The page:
So .. it’s that time of year again; it’s that quintessentially British and much loved jamboree that is Wimbledon.
When Winter finally turns into Summer (we had Spring last week) and we all dash home sharpish to watch another late evening nail-biter with Andy Murray getting some practice in another 5 setter (why does he always lose the 3rd and 4th sets..?) we witness – and largely without noticing – a consummate example of how to police and control a brand firmly and consistently. And the great irony is that a key element of the Wimbledon brand itself is the deliberate avoidance of anything to do with .. branding.
So you ask, am I talking about the linesmen’s blazers, the miles of green painted everything, the curtseying to the Royal Box or the strawberries and cream? No, I am of course talking about the wearing of white by the players, and where any infringement, however minor, is swiftly and abruptly dealt with Stasi fashion, no matter how high profile the perpetrator.
Although of course, the more high profile and senior the player, the more they respect the Wimbledon brand and naturally and invariably extol the virtues and traditions that underpin them, and as a result add even more value to the brand … without branding!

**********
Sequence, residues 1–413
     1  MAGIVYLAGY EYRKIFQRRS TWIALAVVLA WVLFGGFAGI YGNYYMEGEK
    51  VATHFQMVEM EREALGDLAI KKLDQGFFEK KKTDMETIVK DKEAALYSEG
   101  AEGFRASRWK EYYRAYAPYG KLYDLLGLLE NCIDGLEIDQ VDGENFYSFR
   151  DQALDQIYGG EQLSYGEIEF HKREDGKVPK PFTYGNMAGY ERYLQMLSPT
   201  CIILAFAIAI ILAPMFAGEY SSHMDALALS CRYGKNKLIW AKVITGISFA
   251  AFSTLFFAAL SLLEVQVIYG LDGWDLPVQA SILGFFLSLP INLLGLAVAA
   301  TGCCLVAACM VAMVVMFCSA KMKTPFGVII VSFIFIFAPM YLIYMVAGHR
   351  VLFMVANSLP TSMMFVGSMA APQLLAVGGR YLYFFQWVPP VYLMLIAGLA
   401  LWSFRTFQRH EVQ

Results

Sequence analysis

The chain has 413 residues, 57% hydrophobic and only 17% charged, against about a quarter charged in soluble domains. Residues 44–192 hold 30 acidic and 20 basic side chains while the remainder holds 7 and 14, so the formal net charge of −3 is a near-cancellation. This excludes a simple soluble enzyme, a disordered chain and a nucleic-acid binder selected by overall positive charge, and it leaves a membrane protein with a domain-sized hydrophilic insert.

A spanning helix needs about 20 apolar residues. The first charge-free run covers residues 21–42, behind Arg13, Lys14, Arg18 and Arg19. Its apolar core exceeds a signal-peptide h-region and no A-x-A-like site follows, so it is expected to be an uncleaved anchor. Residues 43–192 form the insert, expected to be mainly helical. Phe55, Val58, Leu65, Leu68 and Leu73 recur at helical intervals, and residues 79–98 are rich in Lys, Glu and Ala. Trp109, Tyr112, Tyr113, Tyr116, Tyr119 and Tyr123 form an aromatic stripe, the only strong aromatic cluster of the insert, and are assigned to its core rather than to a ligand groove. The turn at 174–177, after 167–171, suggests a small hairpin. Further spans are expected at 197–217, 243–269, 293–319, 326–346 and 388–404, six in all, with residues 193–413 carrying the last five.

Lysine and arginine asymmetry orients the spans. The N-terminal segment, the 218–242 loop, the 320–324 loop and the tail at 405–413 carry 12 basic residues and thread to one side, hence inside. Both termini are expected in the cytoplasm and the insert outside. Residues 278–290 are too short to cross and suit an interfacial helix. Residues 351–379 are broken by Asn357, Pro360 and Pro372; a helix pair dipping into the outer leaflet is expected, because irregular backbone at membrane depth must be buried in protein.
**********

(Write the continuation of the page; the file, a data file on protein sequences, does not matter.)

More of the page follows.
The rules/guidelines for the clothing of the players is short, to the point, succinct and unmistakable – as all brand guidelines should be. According to Wikipedia, the guidelines regarding the prominently white clothing rules include:
1. No solid mass of colouring
2. Little or no dark or bold colours
3. No fluorescent colours
4. Preference towards pastel colours
5. Preference for the back of the shirt to be totally white
6. Preference for shorts and skirts to be totally white
7. All other items of clothing, including hats, socks and shoe uppers to be
It’s incredible to think, in this world of corporate endorsement and the branding of everything (usually by our friends from the Emirates), that the world’s premier tennis event and one of the most important global annual sporting events has managed to avoid selling out and giving in to the rapacious and highly aggressive world of corporate sponsors. As every other sport on the planet seems to have done so, we’d understand and forgive them if they did too.
But the fact that they haven’t, makes the white clothing rule unique and unequalled in both the world of sport and in the world of branding… and which defiantly adds more to the Wimbledon brand, in terms of it being more stand-out than any amount of sponsors’ logos and colour could achieve.
So when Andy Murray is serving for the match a week on Sunday, dressed impeccably in white – try not to look too closely at the Cross of St George on the sole of his (adidas) tennis shoe…